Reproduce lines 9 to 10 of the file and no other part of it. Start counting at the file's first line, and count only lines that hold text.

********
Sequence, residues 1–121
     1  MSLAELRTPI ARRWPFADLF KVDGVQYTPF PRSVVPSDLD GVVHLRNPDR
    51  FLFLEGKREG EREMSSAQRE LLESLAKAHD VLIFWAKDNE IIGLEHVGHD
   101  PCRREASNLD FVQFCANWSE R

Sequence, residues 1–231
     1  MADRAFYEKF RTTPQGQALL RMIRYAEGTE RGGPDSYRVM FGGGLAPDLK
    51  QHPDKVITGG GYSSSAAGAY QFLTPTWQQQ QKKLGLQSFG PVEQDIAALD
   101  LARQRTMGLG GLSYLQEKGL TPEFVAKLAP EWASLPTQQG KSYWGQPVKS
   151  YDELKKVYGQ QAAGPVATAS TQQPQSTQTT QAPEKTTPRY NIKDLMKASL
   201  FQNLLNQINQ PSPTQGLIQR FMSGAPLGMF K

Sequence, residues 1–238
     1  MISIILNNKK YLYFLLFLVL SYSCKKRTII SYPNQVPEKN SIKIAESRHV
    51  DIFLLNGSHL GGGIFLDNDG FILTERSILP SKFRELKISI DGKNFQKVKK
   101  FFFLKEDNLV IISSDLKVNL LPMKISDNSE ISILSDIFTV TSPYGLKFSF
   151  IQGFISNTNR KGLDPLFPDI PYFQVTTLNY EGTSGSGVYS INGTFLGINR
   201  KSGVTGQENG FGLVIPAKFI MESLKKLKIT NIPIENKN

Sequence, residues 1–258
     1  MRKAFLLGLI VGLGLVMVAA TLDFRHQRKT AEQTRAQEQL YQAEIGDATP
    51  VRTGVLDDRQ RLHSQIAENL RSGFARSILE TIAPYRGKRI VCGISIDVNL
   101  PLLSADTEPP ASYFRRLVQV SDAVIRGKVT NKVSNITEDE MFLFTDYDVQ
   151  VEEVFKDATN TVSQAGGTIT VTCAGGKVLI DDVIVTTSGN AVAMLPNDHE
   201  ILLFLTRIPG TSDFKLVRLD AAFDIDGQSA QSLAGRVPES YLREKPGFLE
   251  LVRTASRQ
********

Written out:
   151  YDELKKVYGQ QAAGPVATAS TQQPQSTQTT QAPEKTTPRY NIKDLMKASL
   201  FQNLLNQINQ PSPTQGLIQR FMSGAPLGMF K